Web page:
J. Cosmet. Sci., 69, 411–428 (November/December 2018) 411 A Comparison of Physicochemical Properties of an Emulsion Containing Chemically Interesterifi ed Fat for Demanding Skin with Commercial Formulations for Atopic Skin MALGORZATA KOWALSKA, MAGDALENA WOŹNIAK, SLAWOMIR JANAS, and DIANA MRÓZ, Faculty of Material Science, Technology and Design, Kazimierz Pulaski University of Technology and Humanities, Radom 26-600, Poland (M.K., M.W., D.M.), Faculty of Economics and Legal Sciences, Kazimierz Pulaski University of Technology and Humanities, Radom 26-600, Poland (M.W., S.J.) Accepted for publication October 19, 2018. Synopsis The aim of the work was to evaluate and analyze the functional properties of a new emulsion product made according to our recipe containing interesterifi ed fat with the properties of selected popular preparations used in the care of atopic skin. Also, the composition of all tested preparations was analyzed for active substances contained in these preparations. Skin hydration level and transepidermal water loss (TEWL) after application of commercial formulations as well as of our own preparation on the basis of interesterifi ed fat were assessed. Determination of droplets’ size and their distribution was performed for our own preparation using dynamic laser diffraction technique. Stability of the prepared emulsion in different storage conditions was evaluated by the Turbiscan test. The highest average skin hydration increase was observed after the application of cream C5, which contained a unique component—evening primrose oil. The highest decrease in TEWL was obtained after the application of our own formulation. Sensory analysis showed that the highest scores were obtained for creams. Respondents evaluated our own preparation as not fully satisfying. The obtained results showed the possibility of producing an emulsion with interesterifi ed fat application as a formulation for atopic skin care. Its physical characteristics showed stability of the dispersion. However, parameters such as color, smoothing, cushion effect, and absorption should be improved. INTRODUCTION Atopic dermatitis (AD) is one of the skin diseases characterized by chronic infl ammation (1,2). Recently, increasing incidence of this disorder has been observed (3). On the basis of a World Health Organization survey, it can be concluded that this genetically contributed disease has a great impact on the quality of patients’ lives (4,5) by causing mental and Address all correspondence to Malgorzata Kowalska at email@example.com.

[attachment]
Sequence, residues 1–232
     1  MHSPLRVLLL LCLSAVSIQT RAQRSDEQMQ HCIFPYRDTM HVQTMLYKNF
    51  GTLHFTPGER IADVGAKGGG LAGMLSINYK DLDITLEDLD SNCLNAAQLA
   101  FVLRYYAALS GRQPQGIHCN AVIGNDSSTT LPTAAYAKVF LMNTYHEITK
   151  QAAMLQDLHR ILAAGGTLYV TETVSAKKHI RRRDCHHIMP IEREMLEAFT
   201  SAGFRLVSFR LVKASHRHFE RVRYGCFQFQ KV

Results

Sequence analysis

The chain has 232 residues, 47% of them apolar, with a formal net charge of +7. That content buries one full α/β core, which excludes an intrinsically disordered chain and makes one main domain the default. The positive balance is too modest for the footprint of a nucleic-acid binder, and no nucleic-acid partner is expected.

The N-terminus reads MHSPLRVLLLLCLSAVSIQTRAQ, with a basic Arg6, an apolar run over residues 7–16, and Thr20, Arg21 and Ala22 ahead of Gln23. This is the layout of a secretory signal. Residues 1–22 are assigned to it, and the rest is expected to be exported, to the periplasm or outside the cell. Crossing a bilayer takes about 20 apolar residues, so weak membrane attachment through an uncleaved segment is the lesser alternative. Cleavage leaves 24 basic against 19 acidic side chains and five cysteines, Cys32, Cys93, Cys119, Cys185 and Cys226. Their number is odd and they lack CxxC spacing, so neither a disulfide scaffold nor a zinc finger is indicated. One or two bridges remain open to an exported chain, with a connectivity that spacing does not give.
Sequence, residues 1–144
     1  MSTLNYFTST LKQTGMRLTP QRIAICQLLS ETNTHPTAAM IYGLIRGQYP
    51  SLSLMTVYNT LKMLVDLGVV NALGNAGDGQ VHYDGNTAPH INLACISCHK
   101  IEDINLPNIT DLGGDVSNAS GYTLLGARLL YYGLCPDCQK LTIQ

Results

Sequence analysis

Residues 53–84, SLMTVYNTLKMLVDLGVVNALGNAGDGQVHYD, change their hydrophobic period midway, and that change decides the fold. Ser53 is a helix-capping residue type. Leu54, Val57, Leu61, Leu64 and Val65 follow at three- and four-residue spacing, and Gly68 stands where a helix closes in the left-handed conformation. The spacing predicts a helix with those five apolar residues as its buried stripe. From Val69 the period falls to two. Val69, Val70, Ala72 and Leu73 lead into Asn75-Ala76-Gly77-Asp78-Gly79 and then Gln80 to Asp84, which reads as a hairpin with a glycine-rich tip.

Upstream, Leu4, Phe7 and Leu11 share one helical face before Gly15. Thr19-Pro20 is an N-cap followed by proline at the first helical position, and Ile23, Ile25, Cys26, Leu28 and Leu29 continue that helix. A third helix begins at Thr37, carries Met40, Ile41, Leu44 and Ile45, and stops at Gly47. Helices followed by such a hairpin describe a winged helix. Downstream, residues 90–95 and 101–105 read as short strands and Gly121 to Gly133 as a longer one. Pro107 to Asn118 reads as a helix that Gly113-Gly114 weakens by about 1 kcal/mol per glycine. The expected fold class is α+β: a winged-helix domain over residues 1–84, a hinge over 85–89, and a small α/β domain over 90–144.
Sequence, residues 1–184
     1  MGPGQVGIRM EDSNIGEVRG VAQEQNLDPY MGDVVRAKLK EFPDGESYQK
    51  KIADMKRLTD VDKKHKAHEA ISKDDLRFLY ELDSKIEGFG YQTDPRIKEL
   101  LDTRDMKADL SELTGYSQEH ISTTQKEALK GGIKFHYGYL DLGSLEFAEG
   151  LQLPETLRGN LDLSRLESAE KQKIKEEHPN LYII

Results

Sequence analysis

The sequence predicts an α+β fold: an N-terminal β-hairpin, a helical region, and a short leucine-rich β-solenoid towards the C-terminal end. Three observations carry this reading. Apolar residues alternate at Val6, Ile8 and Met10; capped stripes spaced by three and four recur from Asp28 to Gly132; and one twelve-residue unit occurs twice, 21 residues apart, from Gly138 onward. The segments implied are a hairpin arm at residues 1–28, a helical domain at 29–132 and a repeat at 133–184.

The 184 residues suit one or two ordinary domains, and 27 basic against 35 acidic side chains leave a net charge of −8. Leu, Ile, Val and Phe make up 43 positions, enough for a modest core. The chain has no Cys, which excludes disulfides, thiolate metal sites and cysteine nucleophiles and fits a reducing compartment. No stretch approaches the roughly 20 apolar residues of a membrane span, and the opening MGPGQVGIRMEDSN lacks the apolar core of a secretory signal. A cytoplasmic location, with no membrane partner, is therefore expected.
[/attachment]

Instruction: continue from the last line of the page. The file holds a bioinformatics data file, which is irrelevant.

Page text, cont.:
JOURNAL OF COSMETIC SCIENCE 412 physical discomfort. The symptoms of AD are dry skin, pruritus, and numerous defects in the skin structure—which can often be accompanied by asthma and allergic rhinitis (4). A whole range of these factors reduces the natural immune response of the skin, which causes problems with its regeneration. The clinical symptoms of AD consist in a disorder in the normal functioning of the skin barrier manifested by dry skin and excessive transepidermal water loss (TEWL). It occurs because of the damage of the epidermis and abnormalities in its structure. Reconstruction of the skin barrier is said to be the most important factor in preventing recurrence and progression of infl ammatory processes (6,7). A factor that has a signifi cant effect on epidermal barrier defect is the genetic disorder of structural proteins and stearic proteases and their inhibitors. It has been found that by the mutation of the fi laggrin gene, the defi ciency of these proteins in the skin is observed. Their defi ciency causes abnormalities in the shape of corneocytes, while simultaneously affect- ing the degeneration of lipid grouping. The consequence of these mutations is not only the natural moisturizing factor (NMF) defi ciency and reduced hydration of the stratum corneum but also increased TEWL. Moreover, the mutation results in an increased skin pH because of the heightened stearic protease activity and impairment of enzymes affect- ing lipid metabolism (6,8). Another determinant of the epidermal defect is a total lipids reduction in the epidermis, both in altered and unchanged skin. One of the abnormalities of lipid barrier composi- tion is the reduction in polyunsaturated fatty acids in the epidermis and increase in monounsaturated fatty acids. Oleic acid adversely affects the proper functioning of the epidermis. In the atopic skin, there are also higher cholesterol levels with regard to the concentration of this component in the unaltered skin (9). Defects in individual components of the lipid barrier include a reduced amount of ceramides (mainly one and three) in the epidermis, resulting in the incorrect production of laminar lamellas. In effect, excessive skin dryness and increase in TEWL are observed. Defi ciency of these compounds minimizes the con- tent of sphingosine, the key metabolite of ceramides (9). Both moisturizing substances and emollients are used to improve the atopic skin’s comfort. These compounds help to alleviate symptoms, restore normal epidermal barrier function, and replenish ceramide defects and valuable unsaturated fatty acids in the skin. The aim of the study was to propose a new emulsion product composition containing inter- esterifi ed fat for atopic skin care. The assumption was to obtain a model system based on interesterifi ed fat containing a minimum amount of the remaining components respon- sible for the system stability. Properties of own formulation and common commercial prod- ucts for atopic skin care were compared. MATERIAL During chemical interesterifi cation, the following chemicals were used: sodium methoxide (Merck, Darmstadt, Germany), diethyl ether (Chempur, Piekary Śląskie, Poland), phosphoric acid (Chempur), and magnesium sulfate (Chempur). The emulsion (own formulation) was prepared using the following components: distilled water, sesame oil (Oleofarm, Wroclaw, Poland), Mutton Tallow (Meat-Farm,